James Ridley, Pete Brown's friend, knew nothing about golf until he became an investment adviser. The first time he played was with his co-workers, who laughed at his poor performance. But then he met Pete Brown, a pro-golfer who took him under his wing and trained him.
"(At) the next outing, which was probably three or four weeks later, they weren't laughing anymore," Ridley told the audience at a ceremony to rename the Sonny Guy Golf Course to honor Brown instead of the white golf pro who has long been its namesake. The Guy golf course was a municipal course that opened in 1947 for white players in its early years. Brown had been "associated" with Guy at the course before he moved on to become the pro at a new "Negro Golf Course," as the State Times reported then in a clipping collected by the Mississippi Sovereignty Commission. Guy oversaw the building of the new Grove Park Gold Course off Livingston Road for African Americans. In 1964, Guy left Jackson to become the part owner and manager of the Confederate Heights Country Club in Rankin County near Florence, which opened for play in 1969. He had previously coached golf at Mississippi State.
Ridley said Brown, too, went on to become a golf coach and acquired a country-club membership in Jackson.
"Needless to say, if you walk with purpose, you'll collide with success. The steps of a good man are ordered by the lord, and I believe that," he said. "Pete Brown is definitely a man who is looking down on us right now, and he's saying, 'I'm happy about this.'"
The City of Jackson held the renaming ceremony at the newly named Pete Brown Golf Facility on West Woodrow Wilson Avenue near Hawkins Field on May 31. Mayor Chokwe A. Lumumba, council members, community members, and Brown's family and friends came together to honor his legacy.
"All over the world you hear about legends, but we have giants right here in Jackson, Mississippi, whose shoulders we stand on, who we don't recognize," Ward 4 Councilman De'Keither Stamps said. "I can think of no better way to recognize the life and legacy of Mr. Pete Brown."
Brown, who was born in Port Gibson, Miss., but raised in Jackson, became the first African American to win a PGA event. He learned to play golf after working as a caddy at the municipal course in Jackson. At last Tuesday's city council meeting, Parks and Recreation Director Ison Harris Jr. learned from Brown's wife, Margaret Brown, that black people were not then allowed to play at the municipal course, so Pete Brown learned by watching others golf.
"He would mimic or figure out what's wrong with their swing, and he'd be able to curtail (it)," Harris said.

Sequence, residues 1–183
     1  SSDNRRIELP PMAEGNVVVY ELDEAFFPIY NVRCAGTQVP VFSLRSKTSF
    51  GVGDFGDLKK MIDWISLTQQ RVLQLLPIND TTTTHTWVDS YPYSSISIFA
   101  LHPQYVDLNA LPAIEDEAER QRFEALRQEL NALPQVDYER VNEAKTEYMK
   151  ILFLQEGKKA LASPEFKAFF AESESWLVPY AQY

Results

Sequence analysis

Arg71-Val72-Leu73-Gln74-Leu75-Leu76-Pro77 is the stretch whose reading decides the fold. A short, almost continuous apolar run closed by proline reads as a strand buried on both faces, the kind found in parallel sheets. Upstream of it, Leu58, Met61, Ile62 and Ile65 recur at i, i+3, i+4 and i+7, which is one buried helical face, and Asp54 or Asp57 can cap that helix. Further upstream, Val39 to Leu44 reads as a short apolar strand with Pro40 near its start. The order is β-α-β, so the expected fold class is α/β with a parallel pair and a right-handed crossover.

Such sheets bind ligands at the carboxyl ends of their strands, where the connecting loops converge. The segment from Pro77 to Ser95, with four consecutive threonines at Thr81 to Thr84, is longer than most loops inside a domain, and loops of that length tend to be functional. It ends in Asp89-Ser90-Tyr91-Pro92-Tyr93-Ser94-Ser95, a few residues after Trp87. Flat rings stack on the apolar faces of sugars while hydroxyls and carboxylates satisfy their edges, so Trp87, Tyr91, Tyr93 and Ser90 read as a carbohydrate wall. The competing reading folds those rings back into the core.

In the 1950s, Brown contracted polio and was paralyzed for a year. Eventually, he got the feeling back in his arms and legs, honed his craft, won the National Negro Open in 1961 and 1962, and received his PGA card in 1963. In 1964, he won the Waco Turner Open—the PGA event where he made history. He played the tour for 17 years and won again at the Andy Williams San Diego Open Invitational in 1970. He was the head professional at Madden Golf Course in Dayton, Ohio, for more than 20 years, where he ran a junior golf program.
Brown died at the age of 80 in 2015. His wife, Margaret, and his daughters survive him.
As the City of Jackson made renovations to the golf course, Lumumba said it did not feel complete until he saw Brown's photos and memorabilia, which sat on display at the ceremony for guests to admire.
"To have our golf course named after a legendary golfer—but from what I hear after talking about his memory and talking to people who knew him, someone who was far more impressive just as a person—the City of Jackson is honored today to name this golf course after Pete Brown," he told the audience.
Kyle Alford, Brown's friend, recounted his favorite memories of him at the ceremony. He said Brown was an unbelievable guy, and he could talk about him all day.
"He not only had a great sense of humor, but this man, I tell you I never met anyone so kind," Alford said.
Margaret said Brown lived his life helping people, loving children and getting people interested in golf. He wanted to continue to help even after he was gone, which is why he donated his body for science and research, she said. At first, she was not a fan of his decision, but she eventually came around.
"I'm going to do the same thing. I will be donating my body to science and research because that's what he wanted, that's what I wanted, and I want to be with my husband," she said.
Following the ceremony, Margaret, Lumumba and some of Brown's friends went outside to unveil the new sign, which reads "Pete Brown Golf Facility."
"When we're able to honor a legendary individual such as Pete Brown, I think it says something about what we recognize (as) our history," Lumumba said.
CORRECTION: The above story is corrected to reflect that the Sonny Guy Golf Course was not originally a black course, but one that catered to whites. Brown became the pro at the new black Grove Park Golf Course off Livingston Road; Guy oversaw the building of that course. Editor Donna Ladd added the information based on old clippings and conflated the Guy municipal course with the Grove Park course. She apologizes for the error.
Follow Jackson Free Press reporting intern Aliyah Veal on Twitter @AliyahJFP. Send tips to email@example.com. Donna Ladd contributed to this report.